„Eu não tenho nenhuma pretensão de fazer patriotismo. Enquanto a minha voz puder ser ouvida neste ou no outro lado do Atlântico, eu irei espalhar pela América o relâmpago de desprezo da indignação moral. Ao fazer isso, sentir-me-ei desempenhando o dever de um verdadeiro patriota; pois ele é um amante de seu país que repreende e não desculpa seus pecados. É a prática da justiça que exalta as nações, enquanto o pecado é o opróbrio dos povos.“

—  Frederick Douglas

Ao falar sobre o seu patriotismo, e como a nação poderia exigir o patriotismo do homem negro enquanto a escravidão e o preconceito vigessem.
Trecho de discurso contra a escravidão proferido em 24 de setembro de 1847
Original: I make no pretension to patriotism. So long as my voice can be heard on this or the other side of the Atlantic, I will hold up America to the lightning scorn of moral indignation. In doing this, I shall feel myself discharging the duty of a true patriot; for he is a lover of his country who rebukes and does not excuse its sins. It is righteousness that exalteth a nation while sin is a reproach to any people.
Fonte: Discurso " Love of God, Love of Man, Love of Country http://archive.is/kJ4Bl", Syracuse, Nova Iorque (24 de setembro de 1847).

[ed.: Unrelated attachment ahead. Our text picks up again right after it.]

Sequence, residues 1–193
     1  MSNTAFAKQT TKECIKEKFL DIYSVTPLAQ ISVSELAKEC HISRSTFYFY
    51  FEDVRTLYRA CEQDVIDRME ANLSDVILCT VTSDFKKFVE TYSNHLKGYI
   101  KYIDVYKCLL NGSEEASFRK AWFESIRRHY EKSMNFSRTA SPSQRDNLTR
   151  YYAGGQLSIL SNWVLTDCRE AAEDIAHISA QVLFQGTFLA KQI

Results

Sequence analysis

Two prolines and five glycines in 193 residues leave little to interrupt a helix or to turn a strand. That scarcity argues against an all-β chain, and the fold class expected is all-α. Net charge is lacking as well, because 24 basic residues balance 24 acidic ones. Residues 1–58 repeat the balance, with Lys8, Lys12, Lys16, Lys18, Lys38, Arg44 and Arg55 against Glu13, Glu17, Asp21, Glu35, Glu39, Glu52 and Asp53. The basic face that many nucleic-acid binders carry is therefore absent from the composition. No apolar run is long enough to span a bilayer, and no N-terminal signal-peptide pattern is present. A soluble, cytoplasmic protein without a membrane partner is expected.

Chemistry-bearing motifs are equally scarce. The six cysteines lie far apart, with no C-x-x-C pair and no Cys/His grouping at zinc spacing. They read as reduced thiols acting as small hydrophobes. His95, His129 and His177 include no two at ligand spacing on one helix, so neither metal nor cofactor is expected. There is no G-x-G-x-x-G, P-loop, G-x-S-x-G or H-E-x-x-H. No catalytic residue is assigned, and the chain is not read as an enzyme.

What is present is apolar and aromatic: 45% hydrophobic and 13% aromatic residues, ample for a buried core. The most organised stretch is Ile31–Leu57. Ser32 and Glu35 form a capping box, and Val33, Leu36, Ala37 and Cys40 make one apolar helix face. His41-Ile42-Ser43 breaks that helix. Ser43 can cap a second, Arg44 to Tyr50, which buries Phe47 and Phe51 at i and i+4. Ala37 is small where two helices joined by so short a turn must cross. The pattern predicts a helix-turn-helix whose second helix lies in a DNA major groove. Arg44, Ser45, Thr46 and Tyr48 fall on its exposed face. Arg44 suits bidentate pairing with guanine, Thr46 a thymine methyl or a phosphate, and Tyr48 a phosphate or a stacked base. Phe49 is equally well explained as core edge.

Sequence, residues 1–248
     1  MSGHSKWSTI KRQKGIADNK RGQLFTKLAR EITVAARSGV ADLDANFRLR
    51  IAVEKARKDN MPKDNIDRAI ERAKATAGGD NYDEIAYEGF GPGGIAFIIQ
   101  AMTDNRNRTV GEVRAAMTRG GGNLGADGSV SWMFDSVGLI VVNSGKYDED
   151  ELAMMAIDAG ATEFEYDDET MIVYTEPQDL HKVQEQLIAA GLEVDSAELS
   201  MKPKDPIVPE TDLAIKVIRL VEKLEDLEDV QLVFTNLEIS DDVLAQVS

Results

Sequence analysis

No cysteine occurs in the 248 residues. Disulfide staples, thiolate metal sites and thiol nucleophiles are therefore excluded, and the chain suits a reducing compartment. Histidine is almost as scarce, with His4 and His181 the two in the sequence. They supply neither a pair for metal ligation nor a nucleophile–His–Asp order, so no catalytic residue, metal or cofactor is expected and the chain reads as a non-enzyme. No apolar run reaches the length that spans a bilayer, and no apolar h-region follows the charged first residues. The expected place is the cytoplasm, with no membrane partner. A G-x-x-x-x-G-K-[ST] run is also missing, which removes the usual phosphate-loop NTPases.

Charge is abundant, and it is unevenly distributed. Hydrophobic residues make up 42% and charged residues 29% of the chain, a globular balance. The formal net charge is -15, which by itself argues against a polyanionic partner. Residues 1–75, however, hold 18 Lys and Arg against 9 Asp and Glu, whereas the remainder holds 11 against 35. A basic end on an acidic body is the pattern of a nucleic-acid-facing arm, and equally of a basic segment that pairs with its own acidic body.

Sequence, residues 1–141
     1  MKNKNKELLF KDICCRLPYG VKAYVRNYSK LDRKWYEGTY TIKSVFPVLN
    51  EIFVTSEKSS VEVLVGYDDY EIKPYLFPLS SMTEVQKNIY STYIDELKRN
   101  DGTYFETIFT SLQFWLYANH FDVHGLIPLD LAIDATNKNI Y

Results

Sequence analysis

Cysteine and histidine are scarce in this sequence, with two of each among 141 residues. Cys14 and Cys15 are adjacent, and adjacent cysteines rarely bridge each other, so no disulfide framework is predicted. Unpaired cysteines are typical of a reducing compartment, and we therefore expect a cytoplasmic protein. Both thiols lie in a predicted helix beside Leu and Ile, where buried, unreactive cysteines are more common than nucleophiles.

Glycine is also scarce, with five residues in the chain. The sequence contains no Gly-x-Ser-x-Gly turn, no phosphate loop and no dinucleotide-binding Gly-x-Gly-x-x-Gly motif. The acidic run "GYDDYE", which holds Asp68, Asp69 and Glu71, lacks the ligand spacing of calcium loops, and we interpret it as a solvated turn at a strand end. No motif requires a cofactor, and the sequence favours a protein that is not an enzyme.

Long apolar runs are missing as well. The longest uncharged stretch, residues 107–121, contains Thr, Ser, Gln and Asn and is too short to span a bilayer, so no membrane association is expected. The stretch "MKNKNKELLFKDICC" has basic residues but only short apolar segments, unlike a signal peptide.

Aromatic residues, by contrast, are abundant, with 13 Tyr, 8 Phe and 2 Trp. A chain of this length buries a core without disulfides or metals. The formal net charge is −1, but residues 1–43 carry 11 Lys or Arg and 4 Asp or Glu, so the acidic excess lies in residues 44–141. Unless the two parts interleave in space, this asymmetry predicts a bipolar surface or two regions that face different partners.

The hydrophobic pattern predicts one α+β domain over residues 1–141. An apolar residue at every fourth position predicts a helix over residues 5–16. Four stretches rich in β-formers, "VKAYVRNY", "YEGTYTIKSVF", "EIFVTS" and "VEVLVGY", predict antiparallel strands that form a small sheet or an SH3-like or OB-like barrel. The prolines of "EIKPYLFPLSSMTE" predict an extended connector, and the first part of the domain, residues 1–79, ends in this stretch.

„Eu me uniria com qualquer um para fazer o certo e com ninguém para fazer o mal.“

—  Frederick Douglas

Trecho de uma palestra de 1855.
Original: I would unite with anybody to do right and with nobody to do wrong.
Fonte: Palestra: The Anti-Slavery Movement http://books.google.pt/books?id=wN9Dj-_wM0IC&pg=PA33&dq=%22I+would+unite+with+anybody+to+do+right+and+with+nobody+to+do+wrong.%22&redir_esc=y#v=onepage&q=%22I%20would%20unite%20with%20anybody%20to%20do%20right%20and%20with%20nobody%20to%20do%20wrong.%22&f=false (1855).
Fonte: [20/12/2016, http://archive.is/iRu0T, http://www.theroot.com/articles/culture/2014/09/frederick_douglass_portrait_unveiled_as_1st_of_an_african_american_to_grace/, Historic Unveiling of Frederick Douglass Portrait at Governor’s Mansion in Md., Breanna Edwards, 16 de setembro de 2014, The Root, 20/12/2016]

„A vida da nação é segura somente enquanto a nação é honesta, verdadeira e virtuosa.“

—  Frederick Douglas

Falando sobre como um país pode vir a se tornar seguro.
Original: The life of the nation is secure only while the nation is honest, truthful and virtuous.

„Os homens não amam aqueles que os fazem lembrar de seus pecados.“

—  Frederick Douglas

Explicando porque os pais de filhos com escravas não lhes tinham o amor devido.